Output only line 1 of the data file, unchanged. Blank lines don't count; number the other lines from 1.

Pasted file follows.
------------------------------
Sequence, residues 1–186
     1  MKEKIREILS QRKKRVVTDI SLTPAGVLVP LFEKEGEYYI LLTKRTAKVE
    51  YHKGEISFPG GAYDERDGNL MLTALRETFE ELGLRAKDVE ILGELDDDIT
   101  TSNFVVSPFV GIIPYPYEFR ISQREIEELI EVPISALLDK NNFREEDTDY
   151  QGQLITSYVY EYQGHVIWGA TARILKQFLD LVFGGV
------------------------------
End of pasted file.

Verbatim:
Sequence, residues 1–186